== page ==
MSL Lyttelton-Rolleston [2A]: Ferrymead Heritage Park

This week development continues on the MSL maps for Greater Christchurch. It has been determined that the maps for Greater Christchurch will cover four directions from the centre of the city, namely:
  • Main South Line to Lyttelton
  • Main South Line to Rolleston
  • Main North Line to Rangiora
  • Hornby Industrial Line to Lincoln
Work is ongoing to add all of the covered areas to the map, particularly those outside the Christchurch City aerial layer coverage. This means that for Templeton-Rolleston, Prebbleton-Lincoln and Kaiapoi-Rangiora, additional high resolution aerial photo layers have had to be sourced and these are being added to the Christchurch project.

In respect of Lyttelton-Rolleston we have continued working on the historical map tile mosaics this week, focusing particularly on the mosaic project that covers the section from Heathcote to Christchurch. Aerial photos from official NZR surveys from the 1970s have made up most of what has been put into the mosaics this week. We are still working on this project with a few more layers to be added; we have the following at the moment:
  • Heathcote has no official station survey, but a third party survey from 1970 and the NZR corridor survey from 1985 have proved useful.
  • Ferrymead is covered by third party surveys from 1958, 1970 and 1984 (part), and by the NZR corridor survey from 1985 (part).
  • Woolston has the NZR station surveys for 1974 and 1981, and third party for 1950. Oddly, we can’t find the NZR corridor survey images (1985) for this station.
  • Linwood and Opawa are covered by NZR station survey for 1970, by part of the NZR 1981 station survey, and partly by the 1985 NZR corridor survey (some images in this series seem to be missing – 8380-B-x in particular)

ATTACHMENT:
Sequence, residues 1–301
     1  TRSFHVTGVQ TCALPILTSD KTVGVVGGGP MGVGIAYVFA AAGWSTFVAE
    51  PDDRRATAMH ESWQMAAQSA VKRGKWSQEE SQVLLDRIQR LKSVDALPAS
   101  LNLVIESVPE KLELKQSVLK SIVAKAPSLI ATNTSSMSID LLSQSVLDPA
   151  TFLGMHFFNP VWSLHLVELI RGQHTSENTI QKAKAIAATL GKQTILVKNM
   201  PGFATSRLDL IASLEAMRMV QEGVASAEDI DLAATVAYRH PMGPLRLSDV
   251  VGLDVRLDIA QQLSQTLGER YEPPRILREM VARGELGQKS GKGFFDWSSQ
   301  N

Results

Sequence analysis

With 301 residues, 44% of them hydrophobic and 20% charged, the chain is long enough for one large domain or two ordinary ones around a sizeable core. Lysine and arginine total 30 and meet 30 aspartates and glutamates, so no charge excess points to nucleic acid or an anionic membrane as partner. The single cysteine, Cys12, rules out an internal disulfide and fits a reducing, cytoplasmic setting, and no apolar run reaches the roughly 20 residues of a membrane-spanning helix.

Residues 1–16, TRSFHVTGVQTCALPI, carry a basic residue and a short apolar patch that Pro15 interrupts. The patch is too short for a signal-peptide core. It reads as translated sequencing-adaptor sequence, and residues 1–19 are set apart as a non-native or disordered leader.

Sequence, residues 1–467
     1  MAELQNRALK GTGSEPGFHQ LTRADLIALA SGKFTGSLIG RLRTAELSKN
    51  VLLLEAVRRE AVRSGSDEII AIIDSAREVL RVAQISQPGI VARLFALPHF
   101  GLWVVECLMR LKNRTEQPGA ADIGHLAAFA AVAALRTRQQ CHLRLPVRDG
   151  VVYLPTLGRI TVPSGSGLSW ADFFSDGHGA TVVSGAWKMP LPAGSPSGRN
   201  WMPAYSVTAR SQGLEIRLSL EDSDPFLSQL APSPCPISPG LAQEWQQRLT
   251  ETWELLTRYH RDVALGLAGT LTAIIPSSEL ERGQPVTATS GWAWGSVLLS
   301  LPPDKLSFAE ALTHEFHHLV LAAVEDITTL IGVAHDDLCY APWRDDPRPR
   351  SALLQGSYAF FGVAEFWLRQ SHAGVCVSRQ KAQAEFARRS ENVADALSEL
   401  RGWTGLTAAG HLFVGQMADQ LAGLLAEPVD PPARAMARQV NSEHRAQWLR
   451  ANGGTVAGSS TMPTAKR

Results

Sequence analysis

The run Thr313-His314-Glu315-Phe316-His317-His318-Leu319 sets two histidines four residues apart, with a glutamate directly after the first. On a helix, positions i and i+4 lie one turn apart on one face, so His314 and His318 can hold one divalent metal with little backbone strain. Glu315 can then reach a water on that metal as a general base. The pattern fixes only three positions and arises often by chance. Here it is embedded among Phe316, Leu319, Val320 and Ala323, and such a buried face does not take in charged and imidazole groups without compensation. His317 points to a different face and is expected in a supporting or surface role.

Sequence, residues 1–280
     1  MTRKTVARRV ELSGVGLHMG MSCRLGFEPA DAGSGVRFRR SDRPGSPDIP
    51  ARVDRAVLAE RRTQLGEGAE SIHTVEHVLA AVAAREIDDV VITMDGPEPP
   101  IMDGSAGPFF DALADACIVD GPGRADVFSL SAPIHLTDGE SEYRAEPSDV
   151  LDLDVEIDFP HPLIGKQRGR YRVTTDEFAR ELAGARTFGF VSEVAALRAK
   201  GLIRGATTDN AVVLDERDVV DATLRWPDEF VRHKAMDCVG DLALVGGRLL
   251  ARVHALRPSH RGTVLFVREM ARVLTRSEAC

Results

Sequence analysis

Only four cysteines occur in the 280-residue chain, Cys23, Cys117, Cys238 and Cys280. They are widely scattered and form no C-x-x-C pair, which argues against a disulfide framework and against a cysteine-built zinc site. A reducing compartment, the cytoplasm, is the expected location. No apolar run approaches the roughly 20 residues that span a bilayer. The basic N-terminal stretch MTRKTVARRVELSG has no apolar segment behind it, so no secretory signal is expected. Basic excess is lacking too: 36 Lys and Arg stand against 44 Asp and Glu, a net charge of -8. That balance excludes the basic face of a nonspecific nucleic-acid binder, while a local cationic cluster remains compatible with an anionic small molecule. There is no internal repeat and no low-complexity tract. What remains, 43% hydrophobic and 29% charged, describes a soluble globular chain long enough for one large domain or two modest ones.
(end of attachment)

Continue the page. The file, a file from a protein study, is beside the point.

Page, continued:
• Waltham by 1940, 1950 and 1961 third party, 1970 and 1981 NZR station, 1985 NZR corridor. 
  • Christchurch by the same range as shown above for Waltham. There is a possibility of adding a mid 1990s survey as well in order to show the major changes in the yard site at that time.
All of the area from Christchurch through to Opawa was covered in one single survey with three runs, which also covers Middleton and Addington (Survey No. 2345 of 1970). After that, we discovered a NZR survey for Woolston (2376 of 1974) which we had not known about previously. Also the NZR corridor survey of 1985 which started from Lyttelton has added good coverage of part of Ferrymead, but the part of this survey that should cover Woolston appears to be missing (Survey 8380, of which run B appears to be missing).The mosaic project for dealing with this section is one of the largest we have worked on for a while, and the down time earlier in the week to fit a larger SSD giving more virtual memory space for the Gimp tile cache has been definitely worthwhile except that we hope the file which ballooned by 10 GB in one generation will not grow as fast in the next few days while we finish adding layers.
The next three images are of Ferrymead Heritage Park site over a 27 year period starting from its early days and carrying through to about the time I first became involved with the Ferrymead Railway.
Ferrymead 1958. It was then just a dairy farm. Interest was developing around that time, and the 100th anniversary of the opening, in 1963, was the catalyst for the development of the present day park complex. Note in particular the shape of Truscotts Road, with its curious dogleg that went inside the park site and came out again through what is now Gate A.
Ferrymead 1970. Development of the site advanced considerably in the second half of the 1960s. By this time Truscotts Road had been straightened to bypass the park boundary at Gate A. A lot of filling and construction work is happening across the site. Truscotts Road at this time was still the main access for the Heathcote County rubbish dump at Wood Hill.
Ferrymead 1985, about the time I first became involved. The main village site has been heavily developed with numerous buildings in place, the aeronautical society’s Viscount and one of their buildings is up, the railway’s workshop, running shed and carriage/electric shed are in place, along with some of the buildings in the Ferrymead Trust storage and workshop site on the far side of the railway line. It was around this time that the Heathcote County dump was closed to the public, but was still open for approved commercial loads.
At the moment we don’t have complete coverage of the other end of Ferrymead throughout the same period but this will be added to the mosaics shortly.